The freshly released ExpanDrive 3, though, is at least a partial solution to this problem. It lets you mount Dropbox and other online storage services, and treat them like an external HD. All the cloud storage goodness, without taking up extra local storage on your Mac.

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You’re the oddball. There’s that one built-in Mac app that everyone else replaces, and yet, you love it. It’s built-in, works great, and you can’t figure out why everyone else doesn’t love it. But they don’t. They rave about the alternate apps, and act like Apple didn’t even include any app that could possibly do that thing.

All the while, you’re being productive each day with the built-in app you got for free, and you’re wondering why everyone else is wasting their time and money on alternates.

For me, the built-in amazing app is Preview. Everyone’s always looking for a great PDF app, or simple image editor, or annotation app … and here’s one of the best, built-into OS X for free. For our writer Pierre Wizla, it’s Mail.app, and he’s showed us how to turn it into the best email app.

So what’s your favorite built-in app in OS X, one you love more than alternates and think is a hidden gem in OS X? Looking forward to the discussion below!

It’s old news now that Google Reader is being shut down on July 1st. It’s also old news that finding the perfect news reading apps for your Mac and iPhone is a bit harder than you’d think at first. There’s a ton of options, but if you just want an easy way to get your news fix and keep your read status and subscriptions synced between your devices, it’s not so simple.

Most of the best options today are new web apps, some of which sync with native iOS apps but few of which have native Mac apps. Stalwart Mac RSS apps like NetNewsWire and Reeder are working on their own syncing solutions which will hopefully come before the July 1st deadline.

But NewsBar, a simple Mac and iOS RSS reader, has its own native RSS engine and can keep your subscriptions, read state, and favorited articles synced between your Macs and iOS devices via iCloud. Today. We’ve looked at NewsBar before, but let’s take another look and see what a year — and iCloud sync — has brought to the equation.
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Ever wanted a great way to keep track of your family’s heritage, with all the info, pictures, locations, and more that touched your relatives? How about all of that in a beautiful interface you’ll want to show off to your family and more? Family Tree, our sponsor this week, is exactly what you’re looking for.

The Family Tree app has everything you need to keep track of everything you know about your family, and more. You can include personal info about everyone in your family, complete with photos, documents about them, and more in an intuitive interface. You can track where everyone lived on a map, connect everyone’s relationship in a beautiful tree view, or switch over to the chart view to see your family info in a circle graph.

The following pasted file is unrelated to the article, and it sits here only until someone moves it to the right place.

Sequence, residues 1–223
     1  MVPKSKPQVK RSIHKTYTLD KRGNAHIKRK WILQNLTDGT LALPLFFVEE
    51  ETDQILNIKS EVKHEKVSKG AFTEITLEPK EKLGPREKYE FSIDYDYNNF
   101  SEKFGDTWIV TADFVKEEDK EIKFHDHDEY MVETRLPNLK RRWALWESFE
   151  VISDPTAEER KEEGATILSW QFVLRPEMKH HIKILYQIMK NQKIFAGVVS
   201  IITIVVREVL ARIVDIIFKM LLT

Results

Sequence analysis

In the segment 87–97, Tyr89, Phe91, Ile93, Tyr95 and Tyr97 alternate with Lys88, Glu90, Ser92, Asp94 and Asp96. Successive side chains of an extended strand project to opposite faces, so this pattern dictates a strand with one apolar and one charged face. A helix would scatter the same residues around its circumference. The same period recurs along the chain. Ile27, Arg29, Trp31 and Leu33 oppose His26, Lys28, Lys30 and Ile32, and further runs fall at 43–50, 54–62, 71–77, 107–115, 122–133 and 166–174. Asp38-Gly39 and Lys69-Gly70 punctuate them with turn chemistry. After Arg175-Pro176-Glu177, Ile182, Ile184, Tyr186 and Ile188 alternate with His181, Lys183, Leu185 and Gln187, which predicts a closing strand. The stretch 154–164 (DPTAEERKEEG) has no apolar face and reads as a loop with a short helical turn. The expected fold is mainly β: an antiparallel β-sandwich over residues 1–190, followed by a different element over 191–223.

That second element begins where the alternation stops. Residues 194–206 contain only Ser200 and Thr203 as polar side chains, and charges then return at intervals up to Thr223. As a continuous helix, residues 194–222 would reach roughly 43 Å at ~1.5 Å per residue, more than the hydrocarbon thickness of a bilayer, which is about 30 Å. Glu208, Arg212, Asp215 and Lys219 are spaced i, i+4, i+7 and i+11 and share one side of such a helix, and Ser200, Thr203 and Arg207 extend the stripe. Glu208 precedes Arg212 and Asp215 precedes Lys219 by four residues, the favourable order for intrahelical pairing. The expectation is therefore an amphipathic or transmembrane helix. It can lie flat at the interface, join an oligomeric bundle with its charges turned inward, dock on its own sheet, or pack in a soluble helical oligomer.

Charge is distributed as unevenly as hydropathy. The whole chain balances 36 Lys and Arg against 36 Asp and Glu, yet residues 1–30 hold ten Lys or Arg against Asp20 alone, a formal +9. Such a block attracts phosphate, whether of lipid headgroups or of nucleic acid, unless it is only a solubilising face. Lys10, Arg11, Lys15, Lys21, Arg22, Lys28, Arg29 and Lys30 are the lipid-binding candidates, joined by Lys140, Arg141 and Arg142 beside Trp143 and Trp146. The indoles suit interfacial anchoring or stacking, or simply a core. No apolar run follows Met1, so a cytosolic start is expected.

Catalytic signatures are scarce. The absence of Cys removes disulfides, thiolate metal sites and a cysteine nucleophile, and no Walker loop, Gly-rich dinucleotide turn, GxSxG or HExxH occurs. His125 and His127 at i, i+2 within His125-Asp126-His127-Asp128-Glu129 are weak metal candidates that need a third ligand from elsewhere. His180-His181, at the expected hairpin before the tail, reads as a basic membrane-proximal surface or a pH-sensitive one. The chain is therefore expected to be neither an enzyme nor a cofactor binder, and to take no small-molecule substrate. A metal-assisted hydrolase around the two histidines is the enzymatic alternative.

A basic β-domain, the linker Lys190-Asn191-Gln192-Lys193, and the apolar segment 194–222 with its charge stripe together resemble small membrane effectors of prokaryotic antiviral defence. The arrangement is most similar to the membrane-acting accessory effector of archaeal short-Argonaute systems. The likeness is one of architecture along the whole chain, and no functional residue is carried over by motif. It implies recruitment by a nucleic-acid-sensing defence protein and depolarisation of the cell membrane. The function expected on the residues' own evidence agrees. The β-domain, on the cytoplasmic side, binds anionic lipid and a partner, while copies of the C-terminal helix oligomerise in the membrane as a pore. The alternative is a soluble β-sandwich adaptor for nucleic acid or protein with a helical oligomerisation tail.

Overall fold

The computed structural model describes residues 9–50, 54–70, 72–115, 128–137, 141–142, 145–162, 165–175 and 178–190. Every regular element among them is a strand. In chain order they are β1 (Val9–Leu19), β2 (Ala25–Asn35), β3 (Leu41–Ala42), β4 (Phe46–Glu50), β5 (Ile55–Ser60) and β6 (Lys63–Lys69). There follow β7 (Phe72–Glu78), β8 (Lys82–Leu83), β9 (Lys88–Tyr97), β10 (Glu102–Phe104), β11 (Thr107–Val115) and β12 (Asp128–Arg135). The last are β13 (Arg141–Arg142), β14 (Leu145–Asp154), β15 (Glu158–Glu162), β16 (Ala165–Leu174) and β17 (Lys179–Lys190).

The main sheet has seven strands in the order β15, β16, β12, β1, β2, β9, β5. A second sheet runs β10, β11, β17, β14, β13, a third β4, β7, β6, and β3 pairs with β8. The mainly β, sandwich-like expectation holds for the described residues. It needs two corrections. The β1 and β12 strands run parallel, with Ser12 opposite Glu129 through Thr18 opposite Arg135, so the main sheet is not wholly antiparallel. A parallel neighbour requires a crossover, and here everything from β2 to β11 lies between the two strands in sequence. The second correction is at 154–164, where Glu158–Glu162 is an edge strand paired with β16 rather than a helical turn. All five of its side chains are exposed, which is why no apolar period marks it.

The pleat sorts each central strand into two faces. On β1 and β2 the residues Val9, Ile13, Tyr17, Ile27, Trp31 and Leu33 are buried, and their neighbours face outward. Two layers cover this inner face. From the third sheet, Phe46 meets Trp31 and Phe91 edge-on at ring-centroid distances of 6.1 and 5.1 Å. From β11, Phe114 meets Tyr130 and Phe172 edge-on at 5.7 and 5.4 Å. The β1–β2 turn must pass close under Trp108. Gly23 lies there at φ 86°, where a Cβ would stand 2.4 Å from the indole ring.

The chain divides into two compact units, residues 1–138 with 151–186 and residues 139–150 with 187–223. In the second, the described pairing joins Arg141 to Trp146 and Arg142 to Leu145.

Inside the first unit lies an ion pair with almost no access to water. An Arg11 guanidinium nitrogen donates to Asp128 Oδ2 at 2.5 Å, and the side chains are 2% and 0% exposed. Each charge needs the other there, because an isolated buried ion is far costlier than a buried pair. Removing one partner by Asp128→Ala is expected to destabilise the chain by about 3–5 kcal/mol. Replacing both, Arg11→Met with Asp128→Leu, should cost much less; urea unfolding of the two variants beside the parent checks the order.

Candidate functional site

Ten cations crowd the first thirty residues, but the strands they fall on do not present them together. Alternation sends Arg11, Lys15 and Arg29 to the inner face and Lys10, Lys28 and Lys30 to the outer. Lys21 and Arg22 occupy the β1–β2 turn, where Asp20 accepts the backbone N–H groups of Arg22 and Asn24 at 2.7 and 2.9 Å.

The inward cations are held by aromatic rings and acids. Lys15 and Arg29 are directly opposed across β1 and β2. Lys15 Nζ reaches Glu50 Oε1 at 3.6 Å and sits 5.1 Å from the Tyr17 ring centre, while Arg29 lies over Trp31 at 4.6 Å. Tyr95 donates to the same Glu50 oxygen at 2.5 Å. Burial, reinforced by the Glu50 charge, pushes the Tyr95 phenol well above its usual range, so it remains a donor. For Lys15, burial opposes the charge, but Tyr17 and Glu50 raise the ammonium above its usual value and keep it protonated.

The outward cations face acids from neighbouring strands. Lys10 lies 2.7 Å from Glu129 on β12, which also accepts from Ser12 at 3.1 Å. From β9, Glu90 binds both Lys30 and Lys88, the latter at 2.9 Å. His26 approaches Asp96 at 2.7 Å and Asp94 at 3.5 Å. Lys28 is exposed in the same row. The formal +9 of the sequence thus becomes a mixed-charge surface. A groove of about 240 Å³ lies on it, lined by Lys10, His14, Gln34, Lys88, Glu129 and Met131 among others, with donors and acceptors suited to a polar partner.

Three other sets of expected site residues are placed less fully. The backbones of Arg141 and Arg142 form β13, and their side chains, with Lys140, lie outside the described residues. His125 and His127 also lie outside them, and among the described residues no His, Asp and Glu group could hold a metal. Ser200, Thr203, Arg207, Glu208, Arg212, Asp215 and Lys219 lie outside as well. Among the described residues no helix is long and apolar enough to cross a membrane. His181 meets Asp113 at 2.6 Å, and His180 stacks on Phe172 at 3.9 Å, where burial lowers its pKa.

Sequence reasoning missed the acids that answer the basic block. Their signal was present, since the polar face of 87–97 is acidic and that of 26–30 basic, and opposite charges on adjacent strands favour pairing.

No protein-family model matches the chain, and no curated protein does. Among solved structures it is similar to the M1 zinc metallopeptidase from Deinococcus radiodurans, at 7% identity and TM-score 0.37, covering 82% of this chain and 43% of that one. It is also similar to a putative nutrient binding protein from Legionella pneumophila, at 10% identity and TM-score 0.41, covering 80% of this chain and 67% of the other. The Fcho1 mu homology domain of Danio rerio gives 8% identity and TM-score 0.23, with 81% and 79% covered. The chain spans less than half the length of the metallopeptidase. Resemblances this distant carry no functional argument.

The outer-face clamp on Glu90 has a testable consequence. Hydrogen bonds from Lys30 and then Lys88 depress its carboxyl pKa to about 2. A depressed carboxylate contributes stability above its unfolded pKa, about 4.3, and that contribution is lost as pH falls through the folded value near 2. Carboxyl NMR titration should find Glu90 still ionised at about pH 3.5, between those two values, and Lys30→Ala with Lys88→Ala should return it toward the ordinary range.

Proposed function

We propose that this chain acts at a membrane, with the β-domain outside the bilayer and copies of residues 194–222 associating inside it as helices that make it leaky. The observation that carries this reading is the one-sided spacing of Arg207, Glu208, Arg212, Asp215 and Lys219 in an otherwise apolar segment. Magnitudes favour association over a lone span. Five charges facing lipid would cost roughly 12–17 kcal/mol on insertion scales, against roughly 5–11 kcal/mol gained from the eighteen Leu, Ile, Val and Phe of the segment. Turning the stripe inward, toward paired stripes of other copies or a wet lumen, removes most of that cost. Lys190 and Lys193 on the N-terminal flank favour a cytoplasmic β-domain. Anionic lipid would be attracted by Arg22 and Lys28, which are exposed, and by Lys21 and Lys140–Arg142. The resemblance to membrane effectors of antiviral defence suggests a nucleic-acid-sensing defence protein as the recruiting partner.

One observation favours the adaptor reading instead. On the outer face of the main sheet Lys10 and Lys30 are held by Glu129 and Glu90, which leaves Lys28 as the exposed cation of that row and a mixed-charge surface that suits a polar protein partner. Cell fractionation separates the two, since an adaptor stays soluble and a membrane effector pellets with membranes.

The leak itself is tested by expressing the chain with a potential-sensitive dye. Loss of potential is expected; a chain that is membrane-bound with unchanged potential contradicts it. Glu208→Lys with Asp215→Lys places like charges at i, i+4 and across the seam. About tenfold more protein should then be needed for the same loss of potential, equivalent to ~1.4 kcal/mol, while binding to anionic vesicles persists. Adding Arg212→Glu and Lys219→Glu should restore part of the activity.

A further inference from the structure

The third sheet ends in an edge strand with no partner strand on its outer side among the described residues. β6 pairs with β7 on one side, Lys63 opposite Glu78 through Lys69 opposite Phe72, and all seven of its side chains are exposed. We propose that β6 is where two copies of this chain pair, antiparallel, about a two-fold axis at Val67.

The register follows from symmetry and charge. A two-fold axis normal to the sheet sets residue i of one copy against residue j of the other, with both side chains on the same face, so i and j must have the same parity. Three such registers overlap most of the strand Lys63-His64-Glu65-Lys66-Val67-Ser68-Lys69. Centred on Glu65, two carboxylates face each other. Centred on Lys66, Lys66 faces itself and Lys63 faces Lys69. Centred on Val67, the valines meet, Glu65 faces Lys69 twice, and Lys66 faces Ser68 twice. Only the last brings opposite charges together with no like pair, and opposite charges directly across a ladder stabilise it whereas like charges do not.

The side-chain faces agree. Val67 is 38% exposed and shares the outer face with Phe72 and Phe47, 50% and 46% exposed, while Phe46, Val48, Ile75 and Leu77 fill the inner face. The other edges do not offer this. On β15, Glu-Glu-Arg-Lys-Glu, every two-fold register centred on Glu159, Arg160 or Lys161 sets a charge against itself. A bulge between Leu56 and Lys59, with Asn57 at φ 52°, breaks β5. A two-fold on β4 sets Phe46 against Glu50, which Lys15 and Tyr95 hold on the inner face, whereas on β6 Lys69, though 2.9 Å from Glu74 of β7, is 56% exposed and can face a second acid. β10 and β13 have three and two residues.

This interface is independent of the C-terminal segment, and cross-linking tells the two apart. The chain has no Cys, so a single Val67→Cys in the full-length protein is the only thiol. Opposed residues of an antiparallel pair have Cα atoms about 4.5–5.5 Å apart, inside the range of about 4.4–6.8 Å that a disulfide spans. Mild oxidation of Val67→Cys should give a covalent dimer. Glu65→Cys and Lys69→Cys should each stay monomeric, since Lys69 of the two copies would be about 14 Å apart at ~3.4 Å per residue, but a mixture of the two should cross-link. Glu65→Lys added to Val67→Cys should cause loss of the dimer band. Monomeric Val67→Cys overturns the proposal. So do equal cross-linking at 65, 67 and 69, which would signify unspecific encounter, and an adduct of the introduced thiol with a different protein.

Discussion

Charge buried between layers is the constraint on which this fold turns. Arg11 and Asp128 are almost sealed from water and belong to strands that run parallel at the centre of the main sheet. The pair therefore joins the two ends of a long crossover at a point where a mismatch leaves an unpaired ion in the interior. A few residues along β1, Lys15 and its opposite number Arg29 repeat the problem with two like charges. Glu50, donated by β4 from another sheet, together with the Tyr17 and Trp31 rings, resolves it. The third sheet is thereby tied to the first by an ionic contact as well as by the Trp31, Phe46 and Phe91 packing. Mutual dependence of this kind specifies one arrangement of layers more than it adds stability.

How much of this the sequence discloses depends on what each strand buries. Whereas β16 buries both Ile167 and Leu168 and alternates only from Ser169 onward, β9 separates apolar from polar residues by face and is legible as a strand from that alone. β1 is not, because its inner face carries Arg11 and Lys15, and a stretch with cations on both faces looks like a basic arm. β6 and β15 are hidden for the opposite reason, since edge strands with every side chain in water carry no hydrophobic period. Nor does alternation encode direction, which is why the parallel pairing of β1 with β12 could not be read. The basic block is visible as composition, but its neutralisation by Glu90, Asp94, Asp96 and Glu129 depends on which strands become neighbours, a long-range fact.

Best of all, the Family Tree app is designed for Retina Displays, so everything will look great no matter what Mac you’re using. It also includes iCloud support, so you can sync your family data between all of your Macs and perhaps work together with your family on collecting data. Then, starting with the next version, it’ll support GEDCOM import and export, so you can import data from other family tree apps or share data from your family tree with others using different apps.

Go Get It!

Ready to get started plotting your own family tree? Then head over to the App Store and get your own copy of the Family Tree app for just $11.99, and enjoy discovering more about your family and keeping track of everything you find!

Think you’ve got a great app? Sign up for a Weekly Sponsorship slot just like this one.

Adobe used to be best known as the company that sells a $700 dollar photo editor that’s all but ubiquitous in the design world. Now, it wants to be known as the company you pay $50/month to, for its whole suite of apps. Adobe’s rethinking their entire business in terms of a one-size-fits-all Creative Cloud subscriptions, which is either great news for you price-wise (if you upgrade every time and own one of the pricer Creative Suites), or terrible news (if you only own an individual Adobe app or don’t purchase upgrades that often).

Now, there are great new features coming to all of the Adobe apps we love in upcoming Creative Cloud releases, but lost in the limelight at Adobe MAX and the discussion about the switch to Creative Cloud is the great free stuff that Adobe offers. They’ve dropped a few things over the years — like the beautiful online office suite they used to have at Acrobat.com – but they’ve added enough stuff that Adobe still has quite the nice set of free offerings.

There’s Mac apps, fonts, and web tools here: enough for everyone, even those who swore off Creative Suite years ago. So here’s the best stuff you can get 100% for free from Adobe, today. (more…)

At this week’s Adobe MAX event, the firm behind the leading creative apps for Macs and PCs announced that Creative Suite is now dead. Its replacement? Creative Cloud, the new subscription version of Adobe’s apps. They’re still native Mac (or Windows) apps, like you’ve used for years, only this time, you buy them via a $50/month subscription instead of paying hundreds or thousands upfront for a full suite.

That’s not all bad news; if you used to upgrade every year or so to the latest Master Collection, you’ll likely save money with Creative Cloud. But if you used the same version of Photoshop for years without upgrading, it’ll be much more expensive (over time, at least) to upgrade in the future.

Then, though, on the Mac, it’s rather easy to skip Creative Suite these days. There’s amazing image editors like Pixelmator and Acorn, vector apps like Artboard and Sketch, Apple’s own Final Cut Pro and Logic Pro for video and Audio, PDFpen and Preview for PDF documents, and more. There’s even Adobe’s own more affordable Photoshop and Premiere Elements if you need just the basics of what Adobe offers.

If you’ve switched, we’d love to hear what apps you’re using instead of Adobe’s staple apps in the comments below!